What We Do

The Aquatic Innovations in Materials Science (AIMS) Lab conducts research at the intersection of environmental engineering and materials science to realize creative solutions to pressing urban water supply challenges.

Traditionally, environmental engineers have viewed the urban water supply in a linear approach where drinking water sources (e.g., rain, surface and groundwater) are used, treated and then discharged.

A more sustainable approach is to view waste streams in a circular economy model where resources are extracted and reused to maximize from a given material or process. Applied in this context, a circular approach to wastewater means potable reuse following a series of advanced treatment processes.

Unfortunately, the presence of industrial chemicals, pharmaceuticals, urban-use pesticides, and other contaminants, and the uncertainty of contaminant transformation during treatment pose a threat to human and environmental health.

New technologies and approaches are needed to remove toxic contaminants and recover additional value from wastewater to help realize these water reuse strategies towards a more circular wastewater approach.

Our research interests bridge materials science and surface chemistry with traditional water quality techniques to investigate ways to increase urban water supply sustainability. Research directions in the AIMS lab will range from identifying mechanisms of target species-substrate interactions to inform new materials design, to large-scale materials synthesis for field-level water treatment in more applied urban water systems.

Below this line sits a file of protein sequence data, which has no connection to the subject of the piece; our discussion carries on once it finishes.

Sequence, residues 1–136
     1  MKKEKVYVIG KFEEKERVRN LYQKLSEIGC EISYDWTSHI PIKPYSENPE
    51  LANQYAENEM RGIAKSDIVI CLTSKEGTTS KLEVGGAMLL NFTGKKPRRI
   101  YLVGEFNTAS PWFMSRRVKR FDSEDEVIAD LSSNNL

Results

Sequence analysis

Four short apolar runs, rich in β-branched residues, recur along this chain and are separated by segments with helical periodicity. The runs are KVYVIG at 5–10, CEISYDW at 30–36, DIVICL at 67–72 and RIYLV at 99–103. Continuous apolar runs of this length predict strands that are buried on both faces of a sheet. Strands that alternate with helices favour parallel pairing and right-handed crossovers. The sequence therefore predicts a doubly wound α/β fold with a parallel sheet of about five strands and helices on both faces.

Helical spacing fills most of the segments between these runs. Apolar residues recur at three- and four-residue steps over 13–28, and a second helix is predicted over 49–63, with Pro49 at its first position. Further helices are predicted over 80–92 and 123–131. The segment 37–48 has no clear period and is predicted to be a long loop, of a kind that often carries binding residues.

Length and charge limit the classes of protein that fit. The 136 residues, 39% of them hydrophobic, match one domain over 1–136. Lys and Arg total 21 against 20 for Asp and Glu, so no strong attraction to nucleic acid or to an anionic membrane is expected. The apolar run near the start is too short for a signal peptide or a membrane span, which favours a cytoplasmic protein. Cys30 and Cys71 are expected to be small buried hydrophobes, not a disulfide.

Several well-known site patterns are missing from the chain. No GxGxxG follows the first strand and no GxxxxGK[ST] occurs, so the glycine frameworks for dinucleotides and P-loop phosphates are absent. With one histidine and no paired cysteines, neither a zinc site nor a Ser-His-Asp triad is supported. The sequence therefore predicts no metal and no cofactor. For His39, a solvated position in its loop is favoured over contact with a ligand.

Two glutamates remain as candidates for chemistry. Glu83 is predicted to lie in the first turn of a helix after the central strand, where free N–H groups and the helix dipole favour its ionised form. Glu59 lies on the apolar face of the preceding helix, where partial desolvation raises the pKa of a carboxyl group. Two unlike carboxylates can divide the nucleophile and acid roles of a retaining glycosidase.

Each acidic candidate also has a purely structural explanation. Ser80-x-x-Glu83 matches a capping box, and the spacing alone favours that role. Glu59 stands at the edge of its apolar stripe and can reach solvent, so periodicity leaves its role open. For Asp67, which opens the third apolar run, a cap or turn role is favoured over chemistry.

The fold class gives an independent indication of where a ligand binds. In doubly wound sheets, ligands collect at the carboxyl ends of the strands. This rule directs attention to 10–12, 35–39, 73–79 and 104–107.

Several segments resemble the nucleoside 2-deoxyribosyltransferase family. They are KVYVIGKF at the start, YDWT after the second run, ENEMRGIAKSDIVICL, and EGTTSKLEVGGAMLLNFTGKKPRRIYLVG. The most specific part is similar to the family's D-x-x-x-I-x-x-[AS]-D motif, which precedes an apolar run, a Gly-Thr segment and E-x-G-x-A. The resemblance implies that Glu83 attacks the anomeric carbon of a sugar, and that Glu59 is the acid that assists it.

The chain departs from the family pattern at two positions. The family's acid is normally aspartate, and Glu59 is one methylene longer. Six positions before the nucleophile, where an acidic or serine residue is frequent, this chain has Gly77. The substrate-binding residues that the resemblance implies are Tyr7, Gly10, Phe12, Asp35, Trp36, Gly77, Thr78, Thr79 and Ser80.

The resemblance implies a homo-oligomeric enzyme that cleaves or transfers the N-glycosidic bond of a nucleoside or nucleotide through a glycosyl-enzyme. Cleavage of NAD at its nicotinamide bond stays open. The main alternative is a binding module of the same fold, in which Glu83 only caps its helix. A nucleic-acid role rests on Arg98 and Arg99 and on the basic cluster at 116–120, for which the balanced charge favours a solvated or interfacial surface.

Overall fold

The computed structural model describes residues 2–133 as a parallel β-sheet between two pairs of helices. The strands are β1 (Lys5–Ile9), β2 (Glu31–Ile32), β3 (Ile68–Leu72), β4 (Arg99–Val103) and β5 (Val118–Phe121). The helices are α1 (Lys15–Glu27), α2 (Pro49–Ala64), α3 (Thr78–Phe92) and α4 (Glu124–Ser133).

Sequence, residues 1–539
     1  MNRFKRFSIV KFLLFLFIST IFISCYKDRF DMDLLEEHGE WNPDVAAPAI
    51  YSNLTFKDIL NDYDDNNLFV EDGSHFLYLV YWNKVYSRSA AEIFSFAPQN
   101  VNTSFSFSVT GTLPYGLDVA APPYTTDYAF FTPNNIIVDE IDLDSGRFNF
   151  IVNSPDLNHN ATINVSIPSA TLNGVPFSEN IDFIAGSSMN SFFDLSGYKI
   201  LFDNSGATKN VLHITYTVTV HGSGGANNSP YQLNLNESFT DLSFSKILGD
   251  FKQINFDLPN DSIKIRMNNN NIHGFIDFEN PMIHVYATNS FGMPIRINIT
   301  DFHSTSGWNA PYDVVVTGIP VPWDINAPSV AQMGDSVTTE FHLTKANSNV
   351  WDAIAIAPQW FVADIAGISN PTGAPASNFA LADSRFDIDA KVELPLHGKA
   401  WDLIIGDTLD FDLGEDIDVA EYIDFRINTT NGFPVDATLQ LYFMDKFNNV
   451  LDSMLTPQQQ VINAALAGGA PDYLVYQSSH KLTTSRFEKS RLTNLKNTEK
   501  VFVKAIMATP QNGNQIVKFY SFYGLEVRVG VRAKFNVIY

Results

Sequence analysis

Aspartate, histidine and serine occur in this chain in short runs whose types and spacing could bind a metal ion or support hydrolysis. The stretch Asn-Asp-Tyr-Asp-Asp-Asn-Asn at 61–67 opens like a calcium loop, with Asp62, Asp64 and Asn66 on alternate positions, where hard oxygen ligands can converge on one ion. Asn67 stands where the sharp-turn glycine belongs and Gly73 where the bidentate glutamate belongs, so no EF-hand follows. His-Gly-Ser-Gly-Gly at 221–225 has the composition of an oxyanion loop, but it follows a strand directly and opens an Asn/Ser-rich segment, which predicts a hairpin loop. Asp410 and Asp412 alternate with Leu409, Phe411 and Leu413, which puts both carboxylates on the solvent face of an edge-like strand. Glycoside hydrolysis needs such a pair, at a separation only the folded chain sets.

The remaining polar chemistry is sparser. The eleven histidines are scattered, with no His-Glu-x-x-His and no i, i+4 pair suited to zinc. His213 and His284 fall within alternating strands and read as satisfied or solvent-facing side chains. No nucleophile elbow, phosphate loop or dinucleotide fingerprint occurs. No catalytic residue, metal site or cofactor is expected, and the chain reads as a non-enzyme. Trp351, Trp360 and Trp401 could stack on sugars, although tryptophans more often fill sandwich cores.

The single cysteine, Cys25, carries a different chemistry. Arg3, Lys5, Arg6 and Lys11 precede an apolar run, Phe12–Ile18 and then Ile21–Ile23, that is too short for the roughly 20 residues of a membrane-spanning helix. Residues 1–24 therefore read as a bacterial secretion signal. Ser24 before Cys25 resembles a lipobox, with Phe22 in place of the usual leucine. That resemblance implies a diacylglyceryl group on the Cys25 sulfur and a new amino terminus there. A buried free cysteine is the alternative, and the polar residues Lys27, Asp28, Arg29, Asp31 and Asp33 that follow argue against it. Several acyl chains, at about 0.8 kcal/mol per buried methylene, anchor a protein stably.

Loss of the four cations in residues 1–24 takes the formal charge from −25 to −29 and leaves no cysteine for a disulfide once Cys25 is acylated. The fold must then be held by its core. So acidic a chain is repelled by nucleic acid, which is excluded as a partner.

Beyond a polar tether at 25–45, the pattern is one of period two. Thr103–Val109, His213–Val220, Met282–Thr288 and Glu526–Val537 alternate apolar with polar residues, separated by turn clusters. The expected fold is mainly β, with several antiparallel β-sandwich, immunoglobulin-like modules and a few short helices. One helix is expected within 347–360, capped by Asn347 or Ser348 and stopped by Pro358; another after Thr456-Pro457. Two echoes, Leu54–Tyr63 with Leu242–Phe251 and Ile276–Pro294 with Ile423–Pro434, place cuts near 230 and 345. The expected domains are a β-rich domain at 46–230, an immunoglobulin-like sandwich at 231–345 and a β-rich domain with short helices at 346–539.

More specifically, our research aims to:

  • Develop low-cost materials for selective removal of toxic and persistent trace compounds in wastewater
  • Apply new media for urban stormwater contaminant removal and investigate opportunities for applying media in the urban landscape
  • Modify conventional adsorbents to increase nutrient capture and recovery from waste streams
  • Leverage the catalytic properties of substrates to facilitate transformation of organic contaminants

What We’re About

In addition to our research which seeks to protect human and environmental health, we are also committed to learning how to become anti-racist, how to perform our research in an atmosphere that is welcoming and inclusive, and about how engineers have contributed to urban pollution and societal inequities.

Here are the books that we’ve read so far in our anti-racism book club. We meet every week to discuss as a group how our lived experiences and intersectional identities relate to the lessons learned in the books, and to our research and daily activities. The book club emerged from a conversation our group had last year during #ShutDownSTEM.

Our group members are also involved in justice, equity, diversity and inclusion (JEDI) initiatives within the department. Ray served on the JEDI faculty committee from 2019 – 2021 and worked with colleagues to institute the first faculty diversity training. Students within the group also serve on the departmental graduate student advisory board.